|show ip bgp||Displays all the routes in the BGP table|
|show ip bgp summary||Brief Neighbor Information|
|show ip bgp ip-prefix [mask subnet-mask]||Displays detailed information about all paths for a single prefix|
|debug ip tcp transactions||Displays all TCP transactions|
|debug ip bgp events||Displays significant BGP events|
|debug ip bgp keepalives||Debugs BGP keepalive packets|
|debug ip bgp updates||Displays all incoming or outgoing BGP updates|
|debug ip bgp updates acl||Displays all incoming and sent updates matching an ACL|
|debug up bgp ip-address update [acl]||Displays all BGP updates received from or sent to a specific neighbor|
- BGP route not installing, route reasons:
Synchronisation is enabled & route unknown by IGP(run 'no sync' command) Next Hop inaccessible (for iBGP run 'neighbor 184.108.40.206 next-hop-self' command) AS path includes the local AS Rejection by inbound policy
- Blackhole formed in iGBP if all internal routers not running BGP, Solution:
Redistribute into IGP: Full Routing Table redistribution not possible, Redistribute partial routing table/specific routes. Add a direct WAN Link between BGP Peers Run iBGP between Peers ?? Configure Route Reflector
- If any of the neighbors in below command output shows as in 'Active' state, it means some issue with the neighbor:
show ip bgp summary
- Use Loopback interface for forming peers in router having multiple links.
When using eBGP, peers will not come up when using loopback as they need to be directly connected and should not have a Hop. Use ebgp-multihop command to resovle this issue: # neighbor 220.127.116.11 ebgp-multihop 2
- There are 2 ways to advertise networks into BGP:
Network Command Redistribution
- When using Network command:
Below command will advertize 18.104.22.168/8 into BGP
Therefore advertize exact subnet only:
network 22.214.171.124 mask 255.255.255.0
- If the carot sign '>' is missing, the route is not the best one, so not installed in routing table:
* valid, > best, i - internal, r RIB-failure Network Next Hop Metric LocPrf Weight Path *> 10.1.1.1/32 0.0.0.0 0 32768 i *>i10.2.2.2/32 172.16.1.2 0 100 0 i
R&S Quick Notes
When using Communities, don’t forget “neighbor send-community” Know your attributes and the direction which applied, when to used what. “aggregate address” needs a more specific prefix in the BGP table for aggregate to be advertised. Synchronization issue has 3 solutions, 1- Load BGP on all transit routers, 2- GRE tunnel, 3- Redistribution BGP>IGP. “no bgp nexthop trigger” – Disables next-hop tracking between scanner intervals. “no bgp fast-ext-fallover” – Force the router to wait for the dead-timer to expire, before generating notification messages , when a connected peer goes down. “neighbor fall-over” – Will check neighbor connenctivity between scanner intervals, aka BGP Fast Peering. Only the Holdtime is sent in update-msg. Two neighbors will use the lowest holdtime and then calculate the keepalive from that. Know your Regular Expressions Know the difference between Peer-Groups and Peer-Templates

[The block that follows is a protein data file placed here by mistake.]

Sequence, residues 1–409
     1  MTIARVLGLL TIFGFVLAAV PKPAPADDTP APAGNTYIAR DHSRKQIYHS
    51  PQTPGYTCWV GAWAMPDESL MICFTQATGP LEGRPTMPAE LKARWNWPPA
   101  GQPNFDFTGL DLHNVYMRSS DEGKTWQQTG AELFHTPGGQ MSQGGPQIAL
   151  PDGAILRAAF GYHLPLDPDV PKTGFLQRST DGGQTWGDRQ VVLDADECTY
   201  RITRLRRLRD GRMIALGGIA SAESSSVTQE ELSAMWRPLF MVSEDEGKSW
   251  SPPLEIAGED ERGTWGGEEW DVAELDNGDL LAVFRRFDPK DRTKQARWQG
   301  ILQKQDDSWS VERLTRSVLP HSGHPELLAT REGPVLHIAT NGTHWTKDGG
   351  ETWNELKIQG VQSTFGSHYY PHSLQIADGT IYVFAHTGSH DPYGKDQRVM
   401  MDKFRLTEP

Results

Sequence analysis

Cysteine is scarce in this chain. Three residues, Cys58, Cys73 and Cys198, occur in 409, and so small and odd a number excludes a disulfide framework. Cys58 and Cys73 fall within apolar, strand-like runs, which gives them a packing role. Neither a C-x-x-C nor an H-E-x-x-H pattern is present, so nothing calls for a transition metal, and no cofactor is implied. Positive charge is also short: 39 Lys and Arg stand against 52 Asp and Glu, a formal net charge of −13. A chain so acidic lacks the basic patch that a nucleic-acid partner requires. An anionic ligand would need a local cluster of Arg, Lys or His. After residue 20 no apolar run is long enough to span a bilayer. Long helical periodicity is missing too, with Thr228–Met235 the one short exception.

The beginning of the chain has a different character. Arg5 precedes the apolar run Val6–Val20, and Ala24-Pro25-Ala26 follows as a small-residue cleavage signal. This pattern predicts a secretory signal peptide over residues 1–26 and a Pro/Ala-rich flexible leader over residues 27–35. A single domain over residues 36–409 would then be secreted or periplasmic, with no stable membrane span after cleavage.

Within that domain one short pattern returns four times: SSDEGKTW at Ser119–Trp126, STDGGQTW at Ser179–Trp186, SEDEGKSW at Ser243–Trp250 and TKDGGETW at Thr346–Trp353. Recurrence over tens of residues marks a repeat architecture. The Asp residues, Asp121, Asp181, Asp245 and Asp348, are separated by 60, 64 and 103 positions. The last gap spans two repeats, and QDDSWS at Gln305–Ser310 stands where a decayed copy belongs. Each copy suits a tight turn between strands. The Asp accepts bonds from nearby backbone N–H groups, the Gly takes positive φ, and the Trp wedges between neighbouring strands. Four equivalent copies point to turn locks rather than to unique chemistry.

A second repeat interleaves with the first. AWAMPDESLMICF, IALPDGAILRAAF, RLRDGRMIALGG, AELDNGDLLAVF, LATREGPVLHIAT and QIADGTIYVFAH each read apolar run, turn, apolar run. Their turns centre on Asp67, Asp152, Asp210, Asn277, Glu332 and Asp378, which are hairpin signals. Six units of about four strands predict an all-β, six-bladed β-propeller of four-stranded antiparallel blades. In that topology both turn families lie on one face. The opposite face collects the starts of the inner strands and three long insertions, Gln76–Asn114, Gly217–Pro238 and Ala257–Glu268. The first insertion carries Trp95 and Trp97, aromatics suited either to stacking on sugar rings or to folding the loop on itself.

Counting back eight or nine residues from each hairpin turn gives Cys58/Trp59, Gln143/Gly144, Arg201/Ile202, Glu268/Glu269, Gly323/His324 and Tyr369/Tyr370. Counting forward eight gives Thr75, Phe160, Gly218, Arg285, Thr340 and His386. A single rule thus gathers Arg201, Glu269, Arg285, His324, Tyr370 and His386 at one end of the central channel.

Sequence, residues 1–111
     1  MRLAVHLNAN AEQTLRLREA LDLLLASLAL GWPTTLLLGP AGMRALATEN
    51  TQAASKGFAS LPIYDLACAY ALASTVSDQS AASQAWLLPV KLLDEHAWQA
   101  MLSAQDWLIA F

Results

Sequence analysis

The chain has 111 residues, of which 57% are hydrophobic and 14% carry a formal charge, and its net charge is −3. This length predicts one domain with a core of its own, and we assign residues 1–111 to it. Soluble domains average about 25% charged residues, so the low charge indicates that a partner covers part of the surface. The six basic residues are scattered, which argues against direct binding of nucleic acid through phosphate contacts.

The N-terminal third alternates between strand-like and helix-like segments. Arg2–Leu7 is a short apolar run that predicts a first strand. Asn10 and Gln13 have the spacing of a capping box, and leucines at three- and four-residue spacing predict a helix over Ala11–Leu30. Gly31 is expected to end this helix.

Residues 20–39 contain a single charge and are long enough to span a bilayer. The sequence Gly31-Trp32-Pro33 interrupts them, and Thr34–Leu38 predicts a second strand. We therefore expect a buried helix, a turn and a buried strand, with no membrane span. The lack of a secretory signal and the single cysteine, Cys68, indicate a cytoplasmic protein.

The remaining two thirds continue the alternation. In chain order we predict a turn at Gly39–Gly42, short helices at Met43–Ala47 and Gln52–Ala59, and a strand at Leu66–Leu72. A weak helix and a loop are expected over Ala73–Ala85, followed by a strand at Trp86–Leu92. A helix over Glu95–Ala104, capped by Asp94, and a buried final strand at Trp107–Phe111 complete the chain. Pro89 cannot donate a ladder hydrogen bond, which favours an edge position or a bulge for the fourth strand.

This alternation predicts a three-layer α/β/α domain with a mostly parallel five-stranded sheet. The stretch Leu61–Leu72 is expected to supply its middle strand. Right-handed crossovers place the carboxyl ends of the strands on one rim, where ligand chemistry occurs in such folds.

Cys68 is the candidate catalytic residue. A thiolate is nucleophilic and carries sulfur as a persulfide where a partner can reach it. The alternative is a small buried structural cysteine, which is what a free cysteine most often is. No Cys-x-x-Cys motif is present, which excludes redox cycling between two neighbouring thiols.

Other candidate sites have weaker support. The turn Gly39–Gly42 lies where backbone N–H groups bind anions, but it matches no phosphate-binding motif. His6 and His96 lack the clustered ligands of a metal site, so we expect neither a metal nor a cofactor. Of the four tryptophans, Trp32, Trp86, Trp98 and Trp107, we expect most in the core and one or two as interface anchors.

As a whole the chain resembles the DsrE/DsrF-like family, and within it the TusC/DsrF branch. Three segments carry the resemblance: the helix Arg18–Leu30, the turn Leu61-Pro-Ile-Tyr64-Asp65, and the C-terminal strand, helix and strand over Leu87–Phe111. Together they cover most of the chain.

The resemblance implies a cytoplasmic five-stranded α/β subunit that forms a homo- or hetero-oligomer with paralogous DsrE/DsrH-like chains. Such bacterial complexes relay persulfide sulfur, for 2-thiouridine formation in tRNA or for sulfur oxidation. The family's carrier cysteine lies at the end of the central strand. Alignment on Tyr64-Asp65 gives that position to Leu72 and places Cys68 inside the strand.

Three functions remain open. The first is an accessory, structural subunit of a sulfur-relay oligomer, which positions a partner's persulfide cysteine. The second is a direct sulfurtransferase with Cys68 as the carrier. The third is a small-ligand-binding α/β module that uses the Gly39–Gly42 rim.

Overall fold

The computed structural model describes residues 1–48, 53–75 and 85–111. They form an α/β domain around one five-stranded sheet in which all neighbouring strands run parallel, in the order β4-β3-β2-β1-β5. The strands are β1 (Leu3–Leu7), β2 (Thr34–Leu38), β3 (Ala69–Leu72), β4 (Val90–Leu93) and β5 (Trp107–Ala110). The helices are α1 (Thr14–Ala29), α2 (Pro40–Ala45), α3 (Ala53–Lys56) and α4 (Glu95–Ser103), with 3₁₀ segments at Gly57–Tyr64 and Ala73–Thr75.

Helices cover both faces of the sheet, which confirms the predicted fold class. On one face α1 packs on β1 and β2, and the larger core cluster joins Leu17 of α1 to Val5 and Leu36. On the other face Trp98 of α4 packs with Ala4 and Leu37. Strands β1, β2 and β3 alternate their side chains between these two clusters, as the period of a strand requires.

BGP Basic Lab
GNS3 File: File:cbt nuggets bgp lab.zip
- Configure iBGP & eBGP
- Establish Neighbors using Loopback interfaces
- Using Update-Source command
- Using eBGP-Multihop command
- Advertising Networks into BGP
- Turn off BGP Auto-Summary
- BGP Synchronization
- BGP Handling of Next Hop Address
- R1 Config
! interface Loopback1 ip address 126.96.36.199 255.255.255.255 ! ! interface Serial1/0 ip address 10.1.13.1 255.255.255.0 serial restart-delay 0 ! interface Serial1/1 ip address 10.1.12.1 255.255.255.0 serial restart-delay 0 ! ! router ospf 1 log-adjacency-changes network 0.0.0.0 255.255.255.255 area 0 ! router bgp 5500 no synchronization bgp log-neighbor-changes neighbor IBGP_PEERS peer-group neighbor IBGP_PEERS remote-as 5500 neighbor IBGP_PEERS update-source Loopback1 neighbor IBGP_PEERS next-hop-self neighbor 188.8.131.52 peer-group IBGP_PEERS neighbor 184.108.40.206 peer-group IBGP_PEERS neighbor 220.127.116.11 remote-as 5500 neighbor 18.104.22.168 update-source Loopback1 no auto-summary !
- R2 Config
! interface Loopback1 ip address 22.214.171.124 255.255.255.255 ! ! interface Serial1/0 ip address 10.1.24.1 255.255.255.0 serial restart-delay 0 ! interface Serial1/1 ip address 10.1.12.2 255.255.255.0 serial restart-delay 0 ! ! router ospf 1 log-adjacency-changes network 0.0.0.0 255.255.255.255 area 0 ! router bgp 5500 no synchronization bgp log-neighbor-changes neighbor IBGP_PEERS peer-group neighbor IBGP_PEERS remote-as 5500 neighbor IBGP_PEERS update-source Loopback1 neighbor IBGP_PEERS next-hop-self neighbor 126.96.36.199 peer-group IBGP_PEERS neighbor 188.8.131.52 peer-group IBGP_PEERS neighbor 184.108.40.206 peer-group IBGP_PEERS no auto-summary !
- R3 Config
! interface Loopback1 ip address 220.127.116.11 255.255.255.255 ! ! interface Serial1/0 ip address 10.1.13.2 255.255.255.0 serial restart-delay 0 ! interface Serial1/1 ip address 10.1.34.1 255.255.255.0 serial restart-delay 0 ! ! router ospf 1 log-adjacency-changes network 0.0.0.0 255.255.255.255 area 0 ! router bgp 5500 no synchronization bgp log-neighbor-changes neighbor IBGP_PEERS peer-group neighbor IBGP_PEERS remote-as 5500 neighbor IBGP_PEERS update-source Loopback1 neighbor IBGP_PEERS next-hop-self neighbor 18.104.22.168 peer-group IBGP_PEERS neighbor 22.214.171.124 peer-group IBGP_PEERS neighbor 126.96.36.199 peer-group IBGP_PEERS no auto-summary !
- R4 Config